French Workers Fight Wage Cuts, Sackings And Privatisation!

The front of the 500-strong march in Bagneres de Bigorre
The front of the 500-strong march in Bagneres de Bigorre

Bagneres de Bigorre, a small town near Tarbes has been hit by a wave of redundancies and short-time working in the local factories.

Over 500 responded to the main national unions’ call for a day of action for jobs, meeting and marching through the streets to the local government administration HQ in a lively demonstration.

Meanwhile, over 90 per cent of about two million French people who cast ballots in the unofficial referendum last week oppose the government’s plan to privatise national postal system, according to the result released Monday by the vote organisers.

The Socialist Party, along with groups of unions launched the vote, asking citizens ‘the government wants to change the status of La Poste to private, do you agree with the project?’

The number of people casting the vote all over France reached 2,123,717, among which 2,092,016 answered no to the question, according to National Committee Against the Privatisation of the Post, which organised the vote and includes political parties, labour unions and civil society groups.

The Sarkozy government has committed to convert its national postal service, now officially a public body, into a société anonyme (PLC) by the start of next year.

Economy Minister Christine Lagarde claimed the reform is not a privatisation, but ways ‘to strengthen’ the postal system.

Although the government says the state would remain the only shareholder, the unions think that might not continue to be the case.

They also believe the new status could lead to changes in their contracts, staff cuts, changes to distribution and the price of stamps.

Many French people are in fear that the full liberalisation oriented by profit may affect the service quality, so that groups of unions went on strike in September to protest.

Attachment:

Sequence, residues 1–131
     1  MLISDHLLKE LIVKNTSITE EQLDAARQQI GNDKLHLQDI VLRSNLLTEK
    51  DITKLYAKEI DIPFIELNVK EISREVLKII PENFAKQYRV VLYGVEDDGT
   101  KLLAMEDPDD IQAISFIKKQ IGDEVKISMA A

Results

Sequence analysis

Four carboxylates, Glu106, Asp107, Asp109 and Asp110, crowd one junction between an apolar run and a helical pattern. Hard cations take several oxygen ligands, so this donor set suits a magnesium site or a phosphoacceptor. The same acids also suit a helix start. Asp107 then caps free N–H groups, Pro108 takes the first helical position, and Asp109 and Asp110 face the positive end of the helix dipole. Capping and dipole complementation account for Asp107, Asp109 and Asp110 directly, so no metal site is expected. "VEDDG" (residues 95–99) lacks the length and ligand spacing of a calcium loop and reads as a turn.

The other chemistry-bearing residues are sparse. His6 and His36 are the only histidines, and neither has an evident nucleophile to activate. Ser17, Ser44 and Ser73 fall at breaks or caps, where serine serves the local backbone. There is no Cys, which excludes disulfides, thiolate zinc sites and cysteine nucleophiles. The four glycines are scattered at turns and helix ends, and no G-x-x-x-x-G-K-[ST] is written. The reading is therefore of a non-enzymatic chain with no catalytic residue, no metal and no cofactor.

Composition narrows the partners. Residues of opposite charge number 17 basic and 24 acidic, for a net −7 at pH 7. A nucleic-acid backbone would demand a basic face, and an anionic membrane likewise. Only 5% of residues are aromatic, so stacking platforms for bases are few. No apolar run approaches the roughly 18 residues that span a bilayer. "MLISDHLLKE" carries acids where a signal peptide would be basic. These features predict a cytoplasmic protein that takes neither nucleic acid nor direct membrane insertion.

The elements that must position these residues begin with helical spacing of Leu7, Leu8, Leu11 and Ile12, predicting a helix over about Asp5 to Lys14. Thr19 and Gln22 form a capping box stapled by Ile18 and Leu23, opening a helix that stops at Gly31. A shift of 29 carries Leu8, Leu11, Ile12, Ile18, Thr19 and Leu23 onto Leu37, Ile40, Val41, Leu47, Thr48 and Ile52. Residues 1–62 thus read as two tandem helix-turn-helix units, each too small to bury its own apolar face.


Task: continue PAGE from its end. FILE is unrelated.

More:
The French government has dismissed the results of the unofficial consultation on the future of La Poste.

Government spokesman Luc Chatel said the ballot lacked transparency and has no legal value at all.

The government says the change in La Poste’s status is needed for modernising – it would allow extra sources of funding.

The EU requires it in preparation for the opening up of the European postal market in January 2011.

Chatel claimed: ‘The government does not want to privatise the Post Office – it wants to recapitalise it so that it can play an important role in the European postal market of the future.’

• Moves to sell off the German-owned Continental tyre making plant at Clairoix (Oise) to the Dubai-based company MAG have foundered with MAG withdrawing from negotiations, it was announced on Monday, October 5.

In April Continental announced the end of activity at the plant and redundancy for the 1,120 employees, which led to a lively campaign by the workers to save their jobs. The MAG deal however would only have resulted in work for four hundred.

• Helmeted Police with shields aggressively forced the removal of management from the Freescale plant where they had been detained by angry workers, on strike for over three weeks.

Workers faced with losing their jobs at the closure threatened Toulouse electronic factory which makes components for the motor industry had kept management members inside the meeting room when their proposals for redundancy terms were judged insufficient by union members on Friday evening, October 2.

George Lorente, a CFDT member of the strike committee said: ‘We didn’t lock up the boss, we only wanted them to keep negotiating and not leave the room until a result had been reached.’